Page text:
The measurable difference between a good leader, and a great leader
When comparing the results of companies, it’s relatively simple to assess tangible differences in performance. But dig a little deeper into the data to try and understand the actual role that leaders have played in that success, and the quantitative nature of that involvement and the answers often become less clear.
Therefore, understanding the results leaders achieve resulting from their own actions, how that compares to industry averages and what roles a leader must perform in order to achieve those results, become important questions in defining the difference between a good leader and a great leader.
Now some might quickly say “profit or shareholder return” but we know that a leader creating only there isn’t truly great if they have poor people skills, an inappropriate strategy or reside over a poor culture.
According to the World Management Survey, conducted by Harvard Business School, Stanford University, MIT and the London School of Economics which analysed 12,000 companies across 34 countries to determine the impact that key management practices have on the results of a company, the actions of leaders are significant. Moving a firm from the worst 10% to the best 10% of management practices has resulted in more talented employees, better worker well-being, 75% higher productivity, 25% faster annual growth and a $15 million increase in profits.
As a leader is ultimately accountable for the decisions, management practices and discipline within their organisation or business unit, we can then consider the measurable differences occurring as a result of the leader’s effort to be a higher percentage of top performers, higher retention, higher productivity, consistent growth and consistent results.
Yet pursuing these outcomes does not create these outcomes. In order to achieve the results above, there are five key roles that a leader must undertake.
- Accountability – There is accountability for all employees and suppliers. A great leader ensures that people completely understand what is expected of them. Results are transparent and the consequences are clear.
- Ambassador – The leader performs a strategic role as an ambassador. Great leaders know you can’t be the head of the company without being the face as well. They are involved in the engagement process for employees, customers, plans and initiatives.
- Culture – A positive culture unites the team and attracts the right people. By consciously building a great culture that cultivates and delivers on the needs of the right people, great leaders become magnets for great talent.
- Strategy – The company’s strategy delivers a unique and valuable position in the marketplace that is different than its competitors. Great leaders rely on a strategic system. They focus on becoming and remaining different within their industry.
- Succession Planning – Key risks to the business are reduced through succession planning. Great leaders build systems to insure against people, products, customers or investments failing to perform. They are deliberately protecting the consistency of staff and supplier output and revenue stream consistency, knowing the impact on growth and profit.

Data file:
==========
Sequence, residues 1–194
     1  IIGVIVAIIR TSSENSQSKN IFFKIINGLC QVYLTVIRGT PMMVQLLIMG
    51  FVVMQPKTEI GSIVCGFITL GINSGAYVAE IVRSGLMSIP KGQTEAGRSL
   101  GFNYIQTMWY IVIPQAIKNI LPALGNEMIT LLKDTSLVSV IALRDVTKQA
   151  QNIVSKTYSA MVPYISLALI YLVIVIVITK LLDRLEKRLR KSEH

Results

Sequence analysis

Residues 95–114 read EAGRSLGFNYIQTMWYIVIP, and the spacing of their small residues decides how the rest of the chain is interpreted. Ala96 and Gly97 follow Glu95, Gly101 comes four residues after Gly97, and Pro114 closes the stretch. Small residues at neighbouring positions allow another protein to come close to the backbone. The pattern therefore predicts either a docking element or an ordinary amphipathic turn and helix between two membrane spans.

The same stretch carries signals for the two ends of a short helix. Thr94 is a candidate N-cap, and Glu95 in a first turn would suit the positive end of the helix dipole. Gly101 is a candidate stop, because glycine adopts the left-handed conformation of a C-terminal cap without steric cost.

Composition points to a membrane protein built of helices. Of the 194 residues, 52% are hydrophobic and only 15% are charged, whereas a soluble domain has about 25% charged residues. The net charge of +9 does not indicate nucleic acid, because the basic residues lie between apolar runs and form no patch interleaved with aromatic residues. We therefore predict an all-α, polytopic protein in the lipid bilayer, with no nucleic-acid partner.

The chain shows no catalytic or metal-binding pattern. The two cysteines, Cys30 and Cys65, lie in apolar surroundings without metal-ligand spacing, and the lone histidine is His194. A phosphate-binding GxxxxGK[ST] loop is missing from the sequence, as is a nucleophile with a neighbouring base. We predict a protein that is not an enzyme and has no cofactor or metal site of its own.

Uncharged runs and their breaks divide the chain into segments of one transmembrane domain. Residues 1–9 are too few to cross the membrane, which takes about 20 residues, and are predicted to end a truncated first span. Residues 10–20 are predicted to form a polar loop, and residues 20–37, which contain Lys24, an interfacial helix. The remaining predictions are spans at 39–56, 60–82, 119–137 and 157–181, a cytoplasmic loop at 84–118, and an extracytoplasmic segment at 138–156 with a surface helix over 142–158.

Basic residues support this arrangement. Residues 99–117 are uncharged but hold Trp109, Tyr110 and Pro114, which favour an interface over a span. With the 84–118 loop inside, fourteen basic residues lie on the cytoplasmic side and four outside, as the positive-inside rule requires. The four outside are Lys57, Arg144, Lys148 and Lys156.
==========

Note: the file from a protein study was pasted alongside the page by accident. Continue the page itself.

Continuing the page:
The interdependence of the roles and the results is also important. Simply focussing on one role may not achieve the desired results. For example:
- Successfully executing both the Accountability role and the Ambassador role creates the higher percentage of top performers result.
- Successfully executing both the Ambassador role and the Culture role creates a higher retention result.
- Successfully executing both the Culture role and the Strategy role creates a higher productivity result.
- Successfully executing both the Strategy role and the Succession Planning role creates the consistent growth result.
- Successfully executing both the Succession Planning and the Accountability role creates the consistent results, result.
We can then reverse engineer the results with the role a leader is playing and understand where those leaders comfort zone lies. For example, if an organisation has a retention rate lower than the industry average, how does the leader rate on the Ambassador role and the Culture role, and what activities are worthwhile to improve their undertaking of these roles to ultimately positively impact retention?
The problem is that without a prescriptive and measurable set of results and roles for a leader to focus on, they end up doing other people’s jobs. They spend time helping other leaders, or oftentimes, simply an area they know or that interests them.
Of course, any change is difficult. I work with a leader who has very little desire to perform any Ambassadorial duties with employees or clients and would much prefer to remain in his office, to remain within his comfort zone. But in order to achieve great results as a leader, it’s important to step outside your leadership comfort zone.
Written by Brad Giles. Have you read?
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